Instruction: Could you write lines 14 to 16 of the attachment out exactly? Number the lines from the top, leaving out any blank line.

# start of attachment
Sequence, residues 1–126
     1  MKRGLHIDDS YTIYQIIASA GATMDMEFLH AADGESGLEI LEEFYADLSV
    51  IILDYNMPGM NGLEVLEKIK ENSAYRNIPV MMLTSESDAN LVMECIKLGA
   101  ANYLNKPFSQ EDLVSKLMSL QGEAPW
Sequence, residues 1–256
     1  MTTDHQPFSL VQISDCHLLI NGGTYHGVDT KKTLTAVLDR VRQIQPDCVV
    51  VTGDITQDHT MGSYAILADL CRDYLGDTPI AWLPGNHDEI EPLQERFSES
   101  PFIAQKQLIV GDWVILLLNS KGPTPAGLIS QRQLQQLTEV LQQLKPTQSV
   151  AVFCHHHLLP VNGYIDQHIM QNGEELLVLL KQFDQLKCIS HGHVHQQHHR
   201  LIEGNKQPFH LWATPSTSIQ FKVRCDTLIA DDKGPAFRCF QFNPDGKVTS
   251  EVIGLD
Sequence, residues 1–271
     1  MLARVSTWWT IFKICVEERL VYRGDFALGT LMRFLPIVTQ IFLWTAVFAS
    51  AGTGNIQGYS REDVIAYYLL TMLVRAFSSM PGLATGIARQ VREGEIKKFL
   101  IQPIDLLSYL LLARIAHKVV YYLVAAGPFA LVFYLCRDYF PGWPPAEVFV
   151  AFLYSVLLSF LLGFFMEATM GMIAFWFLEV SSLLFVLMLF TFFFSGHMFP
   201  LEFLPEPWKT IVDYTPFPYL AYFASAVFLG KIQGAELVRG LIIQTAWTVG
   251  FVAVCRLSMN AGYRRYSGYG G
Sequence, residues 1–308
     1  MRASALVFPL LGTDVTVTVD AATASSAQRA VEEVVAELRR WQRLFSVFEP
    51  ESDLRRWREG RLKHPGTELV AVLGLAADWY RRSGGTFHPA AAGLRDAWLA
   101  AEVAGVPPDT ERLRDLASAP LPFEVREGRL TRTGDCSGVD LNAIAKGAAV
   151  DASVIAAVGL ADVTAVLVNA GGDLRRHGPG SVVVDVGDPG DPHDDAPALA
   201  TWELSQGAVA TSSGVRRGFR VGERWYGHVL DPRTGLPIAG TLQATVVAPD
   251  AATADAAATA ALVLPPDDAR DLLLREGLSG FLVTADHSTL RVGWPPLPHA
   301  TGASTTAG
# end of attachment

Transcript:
    51  AGTGNIQGYS REDVIAYYLL TMLVRAFSSM PGLATGIARQ VREGEIKKFL
   101  IQPIDLLSYL LLARIAHKVV YYLVAAGPFA LVFYLCRDYF PGWPPAEVFV
   151  AFLYSVLLSF LLGFFMEATM GMIAFWFLEV SSLLFVLMLF TFFFSGHMFP